Chrysler deal was months in the making

Governments worked together; details on incentives uncertain

Ohio governors John Kasich, left, and Ted Strickland.
Ohio governors John Kasich, left, and Ted Strickland.

COLUMBUS -- Negotiations with Chrysler Group LLC over the future of its Toledo Assembly complex had been in the works for many months.

Officials in Columbus and Toledo have been working quietly to develop incentives for the plant, eager to bring in new jobs and strengthen ties with a major employer. The full scope of the deal is not yet finalized, but what is clear is that many layers of government worked together to pitch in.

Rob Nichols, spokesman for Gov. John Kasich, declined to provide details of any incentive package Ohio has offered to Chrysler, saying the package is not locked in yet and still could change.

"The governor and the Ohio Department of Development are continuing to work with Chrysler to secure a deal to further strengthen the company's significant presence in Toledo and to ensure its continued, long-term success in Ohio," Mr. Nichols said.

On his second day in office in January, Mr. Kasich met with the Detroit Three automakers during the North American International Auto Show in Detroit. Mr. Kasich later characterized what he heard from the auto executives as "sobering" and "disturbing" in terms of Ohio's competitiveness.

At that time, Chrysler was already predicting that there would be a major announcement concerning the Toledo plant in the months ahead.

When contacted by The Blade, Mr. Kasich's predecessor, former Gov. Ted Strickland, said he could not confirm that any deal with Chrysler has been struck, but said talks had been going on for "many, many months." He said he was not aware of any specific concessions Chrysler was seeking.

"I think it is location [and] the history of the plant they have there, which is ranked at the top of all of their facilities in terms of productivity," Mr. Strickland said. "Obviously, they sensed a huge desire on the part of the community to see jobs added.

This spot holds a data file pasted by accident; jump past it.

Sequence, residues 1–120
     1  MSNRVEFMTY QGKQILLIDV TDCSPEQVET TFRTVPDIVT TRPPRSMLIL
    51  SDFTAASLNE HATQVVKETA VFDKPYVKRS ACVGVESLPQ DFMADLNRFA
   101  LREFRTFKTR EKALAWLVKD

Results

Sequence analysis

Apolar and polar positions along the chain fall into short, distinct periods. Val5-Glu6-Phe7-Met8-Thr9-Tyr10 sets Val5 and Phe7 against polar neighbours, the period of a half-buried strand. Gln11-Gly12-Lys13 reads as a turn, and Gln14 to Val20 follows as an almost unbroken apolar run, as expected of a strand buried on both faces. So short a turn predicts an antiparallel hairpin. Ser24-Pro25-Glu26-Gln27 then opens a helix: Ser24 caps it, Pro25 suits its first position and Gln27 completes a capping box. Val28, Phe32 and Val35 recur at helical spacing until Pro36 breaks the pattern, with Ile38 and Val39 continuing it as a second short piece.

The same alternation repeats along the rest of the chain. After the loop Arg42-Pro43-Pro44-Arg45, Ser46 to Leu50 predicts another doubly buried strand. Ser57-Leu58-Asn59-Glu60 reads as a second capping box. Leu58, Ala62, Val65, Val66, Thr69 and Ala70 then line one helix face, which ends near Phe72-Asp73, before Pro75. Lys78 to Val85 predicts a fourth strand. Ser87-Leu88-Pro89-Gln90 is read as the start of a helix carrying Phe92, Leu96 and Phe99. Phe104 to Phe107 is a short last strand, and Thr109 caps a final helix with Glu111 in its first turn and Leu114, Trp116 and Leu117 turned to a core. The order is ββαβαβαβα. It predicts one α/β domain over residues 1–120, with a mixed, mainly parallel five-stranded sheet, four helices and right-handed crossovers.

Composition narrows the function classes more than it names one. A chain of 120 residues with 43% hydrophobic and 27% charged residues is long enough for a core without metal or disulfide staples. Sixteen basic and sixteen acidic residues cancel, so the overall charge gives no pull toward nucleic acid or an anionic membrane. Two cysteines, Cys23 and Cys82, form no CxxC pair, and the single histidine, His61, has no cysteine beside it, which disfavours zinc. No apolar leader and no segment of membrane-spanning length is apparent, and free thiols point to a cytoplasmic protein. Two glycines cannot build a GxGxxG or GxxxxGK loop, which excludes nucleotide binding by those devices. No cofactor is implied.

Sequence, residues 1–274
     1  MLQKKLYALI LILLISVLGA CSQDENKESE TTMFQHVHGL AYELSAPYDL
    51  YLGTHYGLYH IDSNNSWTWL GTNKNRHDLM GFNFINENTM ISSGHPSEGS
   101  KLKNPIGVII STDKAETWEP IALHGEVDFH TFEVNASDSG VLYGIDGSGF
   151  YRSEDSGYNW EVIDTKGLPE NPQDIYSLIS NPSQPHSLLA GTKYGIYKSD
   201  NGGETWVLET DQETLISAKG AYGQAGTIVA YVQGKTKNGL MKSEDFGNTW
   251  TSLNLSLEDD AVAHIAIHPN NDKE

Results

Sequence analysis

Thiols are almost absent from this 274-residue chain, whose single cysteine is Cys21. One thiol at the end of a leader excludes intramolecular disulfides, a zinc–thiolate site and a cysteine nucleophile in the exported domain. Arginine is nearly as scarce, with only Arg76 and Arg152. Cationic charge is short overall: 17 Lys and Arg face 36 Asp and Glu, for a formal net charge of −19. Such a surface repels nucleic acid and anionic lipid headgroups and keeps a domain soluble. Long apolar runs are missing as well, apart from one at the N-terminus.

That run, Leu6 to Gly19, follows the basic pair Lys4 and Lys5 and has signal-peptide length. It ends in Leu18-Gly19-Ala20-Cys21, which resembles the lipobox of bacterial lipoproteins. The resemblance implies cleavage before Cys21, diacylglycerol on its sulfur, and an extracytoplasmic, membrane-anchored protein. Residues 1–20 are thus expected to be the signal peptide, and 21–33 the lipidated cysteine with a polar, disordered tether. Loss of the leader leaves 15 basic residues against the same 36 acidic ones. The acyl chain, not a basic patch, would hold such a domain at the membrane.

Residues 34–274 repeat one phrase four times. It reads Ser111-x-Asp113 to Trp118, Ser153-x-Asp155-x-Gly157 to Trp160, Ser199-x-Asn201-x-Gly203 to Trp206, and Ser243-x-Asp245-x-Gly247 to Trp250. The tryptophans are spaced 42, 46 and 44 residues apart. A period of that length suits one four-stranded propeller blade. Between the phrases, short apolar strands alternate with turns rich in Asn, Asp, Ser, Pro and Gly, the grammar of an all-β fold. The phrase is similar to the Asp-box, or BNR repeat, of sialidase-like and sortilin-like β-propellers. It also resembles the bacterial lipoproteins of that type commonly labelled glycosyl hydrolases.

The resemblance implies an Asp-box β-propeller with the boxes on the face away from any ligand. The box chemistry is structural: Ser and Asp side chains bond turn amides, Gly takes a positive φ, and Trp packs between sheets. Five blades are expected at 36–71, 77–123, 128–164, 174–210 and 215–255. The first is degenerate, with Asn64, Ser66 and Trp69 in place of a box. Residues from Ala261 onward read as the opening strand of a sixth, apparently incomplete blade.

"But the overarching issue is the survival of the industry, the survival of the company," he said. "Not to sound too political here, but Barack Obama and our friends in Congress who valued the American auto industry and were willing to take strong action should be applauded here. This would not be happening if the federal intervention had not taken place and the auto industry had not been given a chance to reorganize itself to become viable for the future. It's as simple as that."

Details of the city's incentives with Chrysler were unavailable Wednesday night, but Mayor Mike Bell has said they were similar to what has been offered to the plant in the past.

While state officials were hesitant to reveal details of negotiations, local officials said they've been asked to approve tax abatements for the plant expansion.

The Jeep plant lies in both the Toledo Public Schools and Washington Local school districts. Both were asked to consent to 15-year, 50 percent property tax abatements for the plant expansion, according to district officials.

The total value of the abatement would be about $37,000 a year from TPS. Washington Local Treasurer Jeffery Fouke said the amounts were preliminary. He did not know an exact value for his district's requested abatement.

School boards for both districts must approve the abatements. The TPS finance committee is set to discuss the abatement request Thursday, while the Washington Local school board should vote on the request next week.

Staff writers Nolan Rosenkrans and Larry P. Vellequette contributed to this report.

Contact Jim Provance at:, or 614-221-0496.